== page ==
NASS plan of action

The consultation is running from now until 22 October. During this time, NASS will put together a comprehensive response to the paper, ensuring that people with axial SpA (AS) and the Medical Advisory Board are consulted on their views before the submission of a final version. The response from NASS will be very specific to the AS community. NASS will also work with the Arthritis and Musculoskeletal Alliance (ARMA) on a joint response from the whole MSK community which will be more general.

APPG for Axial SpA

The All-Party Parliamentary Group for Axial Spondyloarthritis will also be working to prepare a response to the consultation, led by NASS and will look to ask parliamentary questions on the paper when parliament reconvenes in the autumn.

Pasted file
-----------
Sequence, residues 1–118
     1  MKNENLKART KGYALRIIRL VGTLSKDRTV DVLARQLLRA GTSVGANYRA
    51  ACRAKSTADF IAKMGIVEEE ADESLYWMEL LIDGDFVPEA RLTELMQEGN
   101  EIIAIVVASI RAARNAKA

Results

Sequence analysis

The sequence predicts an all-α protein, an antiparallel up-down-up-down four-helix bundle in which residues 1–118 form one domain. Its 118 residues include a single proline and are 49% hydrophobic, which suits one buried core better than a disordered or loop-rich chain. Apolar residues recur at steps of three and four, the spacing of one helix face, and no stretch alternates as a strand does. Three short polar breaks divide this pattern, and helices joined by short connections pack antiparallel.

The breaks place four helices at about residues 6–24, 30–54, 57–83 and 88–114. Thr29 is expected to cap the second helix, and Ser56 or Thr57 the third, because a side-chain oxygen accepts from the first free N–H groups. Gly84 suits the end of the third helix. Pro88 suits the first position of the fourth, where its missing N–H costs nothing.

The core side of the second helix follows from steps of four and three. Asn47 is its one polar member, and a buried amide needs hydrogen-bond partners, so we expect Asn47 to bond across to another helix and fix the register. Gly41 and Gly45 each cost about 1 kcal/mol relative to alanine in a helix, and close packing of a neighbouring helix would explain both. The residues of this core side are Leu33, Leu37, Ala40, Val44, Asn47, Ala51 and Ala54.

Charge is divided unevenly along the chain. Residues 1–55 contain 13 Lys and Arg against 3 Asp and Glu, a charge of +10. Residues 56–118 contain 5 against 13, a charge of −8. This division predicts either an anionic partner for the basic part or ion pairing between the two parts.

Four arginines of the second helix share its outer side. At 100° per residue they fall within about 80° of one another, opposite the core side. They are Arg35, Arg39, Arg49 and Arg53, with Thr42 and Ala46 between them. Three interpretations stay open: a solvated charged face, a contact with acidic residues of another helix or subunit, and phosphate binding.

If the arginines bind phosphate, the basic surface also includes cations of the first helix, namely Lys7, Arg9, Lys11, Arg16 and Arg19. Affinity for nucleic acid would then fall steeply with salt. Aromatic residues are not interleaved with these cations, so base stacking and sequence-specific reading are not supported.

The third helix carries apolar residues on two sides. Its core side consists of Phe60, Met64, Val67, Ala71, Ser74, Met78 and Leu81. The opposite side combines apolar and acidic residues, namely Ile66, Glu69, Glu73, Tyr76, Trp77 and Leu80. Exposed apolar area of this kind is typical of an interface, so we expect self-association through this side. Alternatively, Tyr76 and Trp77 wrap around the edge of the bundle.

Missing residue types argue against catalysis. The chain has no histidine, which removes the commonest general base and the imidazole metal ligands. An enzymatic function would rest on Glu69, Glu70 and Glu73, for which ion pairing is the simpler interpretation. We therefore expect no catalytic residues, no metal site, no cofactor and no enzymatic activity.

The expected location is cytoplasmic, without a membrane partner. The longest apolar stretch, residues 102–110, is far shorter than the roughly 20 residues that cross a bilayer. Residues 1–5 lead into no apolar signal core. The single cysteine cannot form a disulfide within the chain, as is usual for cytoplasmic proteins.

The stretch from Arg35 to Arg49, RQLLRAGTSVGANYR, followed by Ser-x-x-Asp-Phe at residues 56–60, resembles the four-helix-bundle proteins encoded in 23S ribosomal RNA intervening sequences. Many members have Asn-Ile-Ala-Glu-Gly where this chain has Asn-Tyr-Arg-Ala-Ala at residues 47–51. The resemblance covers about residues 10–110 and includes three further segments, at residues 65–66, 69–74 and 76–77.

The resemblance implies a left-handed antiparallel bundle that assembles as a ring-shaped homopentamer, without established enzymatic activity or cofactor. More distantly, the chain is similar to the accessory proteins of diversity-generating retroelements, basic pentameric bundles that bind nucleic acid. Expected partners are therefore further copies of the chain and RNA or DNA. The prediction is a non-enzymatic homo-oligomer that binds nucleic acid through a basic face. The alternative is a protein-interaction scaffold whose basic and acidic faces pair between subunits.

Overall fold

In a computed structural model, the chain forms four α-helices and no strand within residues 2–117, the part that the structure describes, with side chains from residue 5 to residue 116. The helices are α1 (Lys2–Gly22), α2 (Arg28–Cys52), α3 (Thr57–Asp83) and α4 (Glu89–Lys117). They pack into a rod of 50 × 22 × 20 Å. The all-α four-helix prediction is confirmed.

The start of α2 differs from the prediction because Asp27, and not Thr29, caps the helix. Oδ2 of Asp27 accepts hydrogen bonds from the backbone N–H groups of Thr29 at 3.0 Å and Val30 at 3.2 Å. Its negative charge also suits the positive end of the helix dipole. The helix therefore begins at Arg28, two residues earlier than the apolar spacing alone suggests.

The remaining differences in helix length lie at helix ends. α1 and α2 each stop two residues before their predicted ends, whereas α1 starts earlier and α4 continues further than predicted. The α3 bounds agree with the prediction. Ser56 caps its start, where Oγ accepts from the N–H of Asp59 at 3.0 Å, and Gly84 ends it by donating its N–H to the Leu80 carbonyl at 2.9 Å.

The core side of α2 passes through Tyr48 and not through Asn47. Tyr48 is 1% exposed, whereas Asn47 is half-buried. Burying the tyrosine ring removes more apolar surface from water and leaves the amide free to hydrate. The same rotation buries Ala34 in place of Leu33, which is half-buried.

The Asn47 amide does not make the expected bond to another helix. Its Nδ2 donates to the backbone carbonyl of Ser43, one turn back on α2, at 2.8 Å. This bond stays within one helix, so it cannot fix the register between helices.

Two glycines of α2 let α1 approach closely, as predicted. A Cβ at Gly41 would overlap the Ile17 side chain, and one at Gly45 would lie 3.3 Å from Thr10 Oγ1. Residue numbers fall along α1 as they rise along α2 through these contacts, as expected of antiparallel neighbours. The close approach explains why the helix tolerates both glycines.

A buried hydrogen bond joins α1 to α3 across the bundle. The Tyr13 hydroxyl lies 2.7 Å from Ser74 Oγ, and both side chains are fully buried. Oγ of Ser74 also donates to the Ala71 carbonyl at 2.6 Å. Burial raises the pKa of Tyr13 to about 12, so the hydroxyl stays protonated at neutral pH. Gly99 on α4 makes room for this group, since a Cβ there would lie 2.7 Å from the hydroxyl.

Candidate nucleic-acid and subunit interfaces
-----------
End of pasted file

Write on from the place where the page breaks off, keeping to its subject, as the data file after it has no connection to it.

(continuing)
This new resource looks at how Allied Health Professionals can be involved with social prescribing, not just AHPs who work in the NHS but also those in private practice. The framework sets out four ways AHPs can engage with social prescribing, from active signposting, to involvement in the development of social prescribing and gives examples of how different AHPs might do this.

Social prescribing improves outcomes for people by giving more choice and control over their lives. It is effective at targeting the causes of health inequalities and is particularly useful for people who need more support with their mental health, have one or more long-term conditions, are lonely or isolated, and/or have complex social needs that affect their wellbeing.